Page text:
• How do you feel about feedback?
  • What’s the best piece of feedback you’ve ever received? How timely was it? Was it positive or negative?
  • Could you give me feedback on how I am managing you? That way you can feel comfortable knowing that I can take and implement it for the better. In turn, you will understand that your direct reports need to feel comfortable giving you “upward feedback,” and you can start to instill a climate of open feedback and development for your team.

 A Different Perspective

Having a different perspective means turning one’s attention from the work and toward the many constituencies, stakeholders, departments, functions and all the politics that come with them. Bosses should let new leaders know that politics are a natural part of any organization. It’s not positive; it’s not negative. It’s neutral and part of the everyday circumstances of companies. These conversations should include the following:

  • Tell me what you have noticed about other departments or functions. What are their goals, missions and motivations? How can your team’s goals, missions and motivations fit in with theirs and vice versa?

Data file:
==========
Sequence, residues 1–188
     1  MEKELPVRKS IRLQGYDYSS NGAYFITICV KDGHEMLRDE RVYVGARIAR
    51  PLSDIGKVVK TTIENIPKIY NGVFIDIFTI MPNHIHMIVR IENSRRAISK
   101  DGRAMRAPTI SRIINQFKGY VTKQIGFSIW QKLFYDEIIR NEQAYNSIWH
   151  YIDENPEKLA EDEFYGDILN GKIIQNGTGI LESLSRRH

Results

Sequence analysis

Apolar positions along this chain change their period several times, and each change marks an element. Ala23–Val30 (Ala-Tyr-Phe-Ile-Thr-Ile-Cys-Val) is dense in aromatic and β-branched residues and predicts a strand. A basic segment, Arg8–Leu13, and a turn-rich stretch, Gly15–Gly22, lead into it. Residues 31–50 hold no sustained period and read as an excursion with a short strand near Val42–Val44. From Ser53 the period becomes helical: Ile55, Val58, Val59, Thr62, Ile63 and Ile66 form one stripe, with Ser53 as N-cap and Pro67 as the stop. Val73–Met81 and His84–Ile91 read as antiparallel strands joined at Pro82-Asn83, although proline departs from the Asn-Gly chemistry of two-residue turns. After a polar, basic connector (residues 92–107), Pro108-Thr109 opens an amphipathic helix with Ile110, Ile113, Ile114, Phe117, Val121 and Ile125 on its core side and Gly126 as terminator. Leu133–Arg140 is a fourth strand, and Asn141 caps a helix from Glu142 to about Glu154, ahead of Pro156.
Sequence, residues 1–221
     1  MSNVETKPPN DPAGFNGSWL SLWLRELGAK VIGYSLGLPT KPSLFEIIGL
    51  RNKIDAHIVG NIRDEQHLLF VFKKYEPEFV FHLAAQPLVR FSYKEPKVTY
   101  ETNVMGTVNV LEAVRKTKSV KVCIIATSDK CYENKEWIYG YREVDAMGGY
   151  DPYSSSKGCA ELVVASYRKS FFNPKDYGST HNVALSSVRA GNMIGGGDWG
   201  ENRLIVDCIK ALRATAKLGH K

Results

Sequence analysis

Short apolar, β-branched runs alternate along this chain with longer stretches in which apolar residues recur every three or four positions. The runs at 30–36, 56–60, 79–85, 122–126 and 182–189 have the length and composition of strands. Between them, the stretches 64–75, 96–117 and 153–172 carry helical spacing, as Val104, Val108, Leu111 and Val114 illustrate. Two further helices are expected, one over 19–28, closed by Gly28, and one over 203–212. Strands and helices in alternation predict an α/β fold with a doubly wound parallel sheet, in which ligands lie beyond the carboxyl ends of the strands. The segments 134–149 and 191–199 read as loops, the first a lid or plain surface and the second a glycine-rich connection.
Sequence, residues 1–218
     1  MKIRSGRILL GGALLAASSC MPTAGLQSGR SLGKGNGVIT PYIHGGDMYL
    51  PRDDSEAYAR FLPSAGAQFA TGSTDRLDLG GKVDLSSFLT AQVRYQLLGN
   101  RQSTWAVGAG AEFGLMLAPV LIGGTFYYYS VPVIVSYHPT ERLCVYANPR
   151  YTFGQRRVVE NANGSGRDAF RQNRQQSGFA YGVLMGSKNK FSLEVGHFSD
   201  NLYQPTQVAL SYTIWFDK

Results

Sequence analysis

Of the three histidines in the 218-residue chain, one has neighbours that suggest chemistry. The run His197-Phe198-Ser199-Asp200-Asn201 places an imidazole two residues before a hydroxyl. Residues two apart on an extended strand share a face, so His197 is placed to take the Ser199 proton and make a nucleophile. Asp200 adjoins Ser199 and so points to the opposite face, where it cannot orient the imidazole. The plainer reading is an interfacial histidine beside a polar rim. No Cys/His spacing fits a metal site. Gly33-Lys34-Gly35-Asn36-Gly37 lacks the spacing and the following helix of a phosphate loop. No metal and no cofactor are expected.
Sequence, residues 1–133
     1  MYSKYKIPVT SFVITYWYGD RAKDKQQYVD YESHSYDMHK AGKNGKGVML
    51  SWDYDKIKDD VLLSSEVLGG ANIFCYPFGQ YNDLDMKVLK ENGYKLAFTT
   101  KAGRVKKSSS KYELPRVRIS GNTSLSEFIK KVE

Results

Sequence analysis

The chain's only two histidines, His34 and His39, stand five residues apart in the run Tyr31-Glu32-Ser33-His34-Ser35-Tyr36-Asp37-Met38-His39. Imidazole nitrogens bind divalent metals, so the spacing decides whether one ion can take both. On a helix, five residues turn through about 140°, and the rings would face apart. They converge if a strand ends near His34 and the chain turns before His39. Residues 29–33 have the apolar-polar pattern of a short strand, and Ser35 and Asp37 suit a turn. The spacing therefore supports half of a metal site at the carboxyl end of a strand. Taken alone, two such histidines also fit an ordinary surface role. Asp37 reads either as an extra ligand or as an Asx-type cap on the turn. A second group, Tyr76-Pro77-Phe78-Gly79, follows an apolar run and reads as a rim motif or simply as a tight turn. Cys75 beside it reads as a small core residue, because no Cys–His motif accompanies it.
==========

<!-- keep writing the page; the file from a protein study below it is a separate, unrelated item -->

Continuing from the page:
• Usually, when things go wrong, it’s because people have an “I win, and you lose” mentality. In the future, how might you promote a win-win mentality when working across departments and functions that still promotes friendly competition?

Emphasizing a Focus

Being genuine, authentic, ethical and of good character shouldn’t be something new. It should be an expected quality of leadership. Bosses of new leaders should emphasize this sentiment in their conversations.

  • Think about leaders in the organization who have thrived because of their authenticity and character. What can be learned from them?
  • Think about leaders who have failed at the organization due to their lack of integrity. What happened, and why did it happen? What lessons can be learned from these failures? 

Conclusion

New leaders often struggle, but their bosses can be a great resource to them. By showing new leaders vulnerability in sharing their struggles, experiences, failures and success, bosses can let new leadership know they are not alone. Take the time needed to have great developmental conversations about the mindset, skill set, relationships, attitude, perspective and focus needed to be the type of boss everyone wants to work for.